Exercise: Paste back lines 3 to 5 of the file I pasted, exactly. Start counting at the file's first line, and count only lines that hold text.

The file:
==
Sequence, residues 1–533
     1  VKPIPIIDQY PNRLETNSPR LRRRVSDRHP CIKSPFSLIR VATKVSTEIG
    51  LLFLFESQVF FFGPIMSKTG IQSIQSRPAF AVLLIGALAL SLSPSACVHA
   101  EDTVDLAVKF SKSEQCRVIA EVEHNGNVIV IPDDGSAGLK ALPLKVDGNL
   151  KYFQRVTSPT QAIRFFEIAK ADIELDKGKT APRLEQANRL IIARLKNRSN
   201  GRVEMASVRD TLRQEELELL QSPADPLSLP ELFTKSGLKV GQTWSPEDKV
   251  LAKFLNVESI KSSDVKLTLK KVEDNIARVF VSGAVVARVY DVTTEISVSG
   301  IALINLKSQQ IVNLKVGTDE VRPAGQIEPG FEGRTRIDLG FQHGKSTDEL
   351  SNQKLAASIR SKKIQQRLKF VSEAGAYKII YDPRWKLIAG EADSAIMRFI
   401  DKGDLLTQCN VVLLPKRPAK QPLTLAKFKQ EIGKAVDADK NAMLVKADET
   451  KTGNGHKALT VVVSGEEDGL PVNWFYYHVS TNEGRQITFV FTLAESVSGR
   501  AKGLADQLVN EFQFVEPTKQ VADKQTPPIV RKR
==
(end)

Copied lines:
    51  LLFLFESQVF FFGPIMSKTG IQSIQSRPAF AVLLIGALAL SLSPSACVHA
   101  EDTVDLAVKF SKSEQCRVIA EVEHNGNVIV IPDDGSAGLK ALPLKVDGNL
   151  KYFQRVTSPT QAIRFFEIAK ADIELDKGKT APRLEQANRL IIARLKNRSN